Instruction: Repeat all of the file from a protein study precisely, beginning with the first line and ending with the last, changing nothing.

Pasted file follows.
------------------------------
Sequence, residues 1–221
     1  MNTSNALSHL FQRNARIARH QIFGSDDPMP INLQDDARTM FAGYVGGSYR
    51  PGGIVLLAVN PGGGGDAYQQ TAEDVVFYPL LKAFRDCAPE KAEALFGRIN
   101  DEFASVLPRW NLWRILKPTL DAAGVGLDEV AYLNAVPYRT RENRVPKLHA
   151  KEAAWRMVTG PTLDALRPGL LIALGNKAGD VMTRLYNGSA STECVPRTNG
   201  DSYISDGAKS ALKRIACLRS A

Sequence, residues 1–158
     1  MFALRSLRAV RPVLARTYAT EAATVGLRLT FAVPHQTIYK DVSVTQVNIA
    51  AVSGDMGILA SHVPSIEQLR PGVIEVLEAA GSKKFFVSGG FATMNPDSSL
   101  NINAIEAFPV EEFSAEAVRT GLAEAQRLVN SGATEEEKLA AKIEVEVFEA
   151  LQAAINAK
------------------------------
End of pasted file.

Sequence, residues 1–221
     1  MNTSNALSHL FQRNARIARH QIFGSDDPMP INLQDDARTM FAGYVGGSYR
    51  PGGIVLLAVN PGGGGDAYQQ TAEDVVFYPL LKAFRDCAPE KAEALFGRIN
   101  DEFASVLPRW NLWRILKPTL DAAGVGLDEV AYLNAVPYRT RENRVPKLHA
   151  KEAAWRMVTG PTLDALRPGL LIALGNKAGD VMTRLYNGSA STECVPRTNG
   201  DSYISDGAKS ALKRIACLRS A

Sequence, residues 1–158
     1  MFALRSLRAV RPVLARTYAT EAATVGLRLT FAVPHQTIYK DVSVTQVNIA
    51  AVSGDMGILA SHVPSIEQLR PGVIEVLEAA GSKKFFVSGG FATMNPDSSL
   101  NINAIEAFPV EEFSAEAVRT GLAEAQRLVN SGATEEEKLA AKIEVEVFEA
   151  LQAAINAK